"Each State shall appoint, in such Manner as the Legislature thereof may direct, a Number of Electors ..." -- U.S. Constitution
Ask your legislators to pass National Popular Vote

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Endorsed by 2,110
State Legislators
In addition to 1,129 state legislative sponsors (shown above), 981 other legislators have cast recorded votes in favor of the National Popular Vote bill.
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Entrepreneur Tom Golisano Endorses National Popular Vote

Short Explanation
The National Popular Vote bill would guarantee a majority of the Electoral College to the presidential candidate who receives the most popular votes in all 50 states and the District of Columbia. The bill would reform the Electoral College so that the electoral vote in the Electoral College reflects the choice of the nation's voters for President of the United States.   more
11 Enactments
The National Popular Vote bill has been enacted into law in states possessing 165 electoral votes — 61% of the 270 electoral votes needed to activate the legislation.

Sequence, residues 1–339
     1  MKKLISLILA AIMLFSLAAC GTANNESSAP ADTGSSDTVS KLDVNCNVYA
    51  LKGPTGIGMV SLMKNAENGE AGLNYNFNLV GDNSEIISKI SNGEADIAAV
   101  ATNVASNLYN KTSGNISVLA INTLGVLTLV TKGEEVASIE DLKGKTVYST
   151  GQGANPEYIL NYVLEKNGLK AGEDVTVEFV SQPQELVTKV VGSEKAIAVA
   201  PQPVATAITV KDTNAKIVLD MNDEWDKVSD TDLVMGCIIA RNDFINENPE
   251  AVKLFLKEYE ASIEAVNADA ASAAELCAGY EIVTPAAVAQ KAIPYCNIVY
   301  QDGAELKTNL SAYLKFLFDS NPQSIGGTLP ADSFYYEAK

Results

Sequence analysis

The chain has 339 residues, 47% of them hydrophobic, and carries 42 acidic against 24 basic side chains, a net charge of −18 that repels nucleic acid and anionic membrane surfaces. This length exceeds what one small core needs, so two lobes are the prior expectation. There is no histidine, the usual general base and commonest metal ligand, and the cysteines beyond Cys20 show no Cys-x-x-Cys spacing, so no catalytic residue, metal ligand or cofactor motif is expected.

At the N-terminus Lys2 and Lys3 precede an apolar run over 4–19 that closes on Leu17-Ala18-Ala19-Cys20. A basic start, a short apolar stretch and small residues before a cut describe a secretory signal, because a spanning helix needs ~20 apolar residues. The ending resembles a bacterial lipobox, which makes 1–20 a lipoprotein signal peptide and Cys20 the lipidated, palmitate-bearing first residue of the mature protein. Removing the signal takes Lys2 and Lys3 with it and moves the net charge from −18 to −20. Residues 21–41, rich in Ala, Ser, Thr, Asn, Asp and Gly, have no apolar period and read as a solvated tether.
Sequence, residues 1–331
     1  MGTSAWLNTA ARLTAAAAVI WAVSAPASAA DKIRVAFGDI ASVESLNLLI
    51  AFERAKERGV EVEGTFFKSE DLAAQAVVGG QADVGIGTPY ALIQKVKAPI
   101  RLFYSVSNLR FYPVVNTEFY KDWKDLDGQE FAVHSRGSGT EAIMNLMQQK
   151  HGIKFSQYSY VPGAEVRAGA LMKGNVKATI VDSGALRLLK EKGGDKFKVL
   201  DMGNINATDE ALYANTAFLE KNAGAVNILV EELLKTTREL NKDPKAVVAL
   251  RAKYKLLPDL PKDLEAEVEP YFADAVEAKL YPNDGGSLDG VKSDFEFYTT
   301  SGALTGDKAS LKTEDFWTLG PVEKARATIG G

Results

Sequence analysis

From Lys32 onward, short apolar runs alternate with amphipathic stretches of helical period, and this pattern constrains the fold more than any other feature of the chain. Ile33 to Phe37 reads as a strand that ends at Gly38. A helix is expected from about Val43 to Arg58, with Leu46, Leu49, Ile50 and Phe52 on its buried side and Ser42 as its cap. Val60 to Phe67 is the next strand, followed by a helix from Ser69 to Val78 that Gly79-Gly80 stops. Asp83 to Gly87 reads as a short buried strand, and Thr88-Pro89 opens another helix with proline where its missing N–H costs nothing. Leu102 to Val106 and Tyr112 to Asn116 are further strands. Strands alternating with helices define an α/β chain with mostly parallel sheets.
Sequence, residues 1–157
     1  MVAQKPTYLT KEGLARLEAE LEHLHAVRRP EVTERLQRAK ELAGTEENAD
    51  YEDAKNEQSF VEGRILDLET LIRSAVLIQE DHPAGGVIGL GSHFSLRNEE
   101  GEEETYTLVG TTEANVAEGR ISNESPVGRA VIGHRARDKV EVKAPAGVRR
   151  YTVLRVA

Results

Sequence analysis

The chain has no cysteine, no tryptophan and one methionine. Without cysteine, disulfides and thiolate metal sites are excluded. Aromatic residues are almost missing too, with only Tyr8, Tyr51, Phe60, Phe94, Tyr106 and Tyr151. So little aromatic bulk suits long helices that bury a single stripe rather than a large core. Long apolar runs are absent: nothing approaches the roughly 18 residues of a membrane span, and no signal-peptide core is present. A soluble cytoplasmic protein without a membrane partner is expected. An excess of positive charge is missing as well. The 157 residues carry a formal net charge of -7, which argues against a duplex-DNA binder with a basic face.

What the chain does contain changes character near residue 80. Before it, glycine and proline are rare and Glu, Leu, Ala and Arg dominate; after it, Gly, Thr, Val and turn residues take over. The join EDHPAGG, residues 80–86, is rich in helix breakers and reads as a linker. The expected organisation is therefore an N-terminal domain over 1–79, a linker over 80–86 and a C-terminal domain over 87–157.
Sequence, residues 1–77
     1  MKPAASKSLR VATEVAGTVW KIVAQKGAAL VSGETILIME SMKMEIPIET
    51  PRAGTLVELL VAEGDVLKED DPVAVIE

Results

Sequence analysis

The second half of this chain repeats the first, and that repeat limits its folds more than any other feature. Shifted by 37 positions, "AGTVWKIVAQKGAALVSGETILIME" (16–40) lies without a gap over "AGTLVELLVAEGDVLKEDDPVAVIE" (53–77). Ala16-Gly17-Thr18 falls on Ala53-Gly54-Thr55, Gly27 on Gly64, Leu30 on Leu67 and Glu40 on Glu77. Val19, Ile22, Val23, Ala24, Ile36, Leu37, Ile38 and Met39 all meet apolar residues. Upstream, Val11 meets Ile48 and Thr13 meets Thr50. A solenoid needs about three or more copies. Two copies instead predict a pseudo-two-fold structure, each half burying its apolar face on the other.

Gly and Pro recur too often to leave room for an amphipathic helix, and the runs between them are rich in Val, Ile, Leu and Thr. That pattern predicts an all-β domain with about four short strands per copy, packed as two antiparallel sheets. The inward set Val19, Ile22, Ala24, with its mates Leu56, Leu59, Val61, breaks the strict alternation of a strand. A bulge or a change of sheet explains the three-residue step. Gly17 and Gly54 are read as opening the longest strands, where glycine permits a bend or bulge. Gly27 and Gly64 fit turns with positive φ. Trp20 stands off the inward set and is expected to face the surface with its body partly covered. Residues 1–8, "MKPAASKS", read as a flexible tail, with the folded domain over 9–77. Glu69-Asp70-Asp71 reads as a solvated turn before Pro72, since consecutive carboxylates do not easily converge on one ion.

• Maryland - 10 votes
  • Massachusetts - 11
  • Washington - 12 votes
  • Vermont - 3 votes
  • Rhode Island - 4 votes
  • DC - 3 votes
  • Hawaii - 4 votes
  • New Jersey - 14 votes
  • Illinois - 20 votes
  • New York - 29 votes
  • California - 55 votes

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    Advisory Board
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    Birch Bayh (D–IN)
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    What Do You Think
    How should we elect the President?
    The candidate who gets the most votes in all 50 states.
    The current Electoral College system.

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    Huffington Post
    Make New York Matter: Tell Albany to Pass the National Popular Vote
    By Jeffrey Dinowitz
    New York Assemblyman
    June 28, 2010

    During the 2008 general election, New Yorkers contributed upwards of $90 million to the campaigns of Barack Obama and John McCain (more than 10% of all the money raised nationally). And yet, the two campaigns spent less than $4,000 on advertising in the Empire State.

    From August 1 until the election, neither Obama nor McCain conducted a single public campaign event in New York. For comparison purposes, combined they held 12 separate events in Nevada.

    The stark reality is that, unless you're a campaign donor, regular New Yorkers are largely irrelevant in presidential campaigns. The candidates don't visit here, they don't advertise here, and they don't do anything to actively engage New Yorkers in the campaign.

    How can the third largest state in the country be an afterthought in presidential campaigns?

    Simple. New York is a safe Democratic state in presidential elections. Obama knew he was going to win New York. McCain knew he was going to lose New York.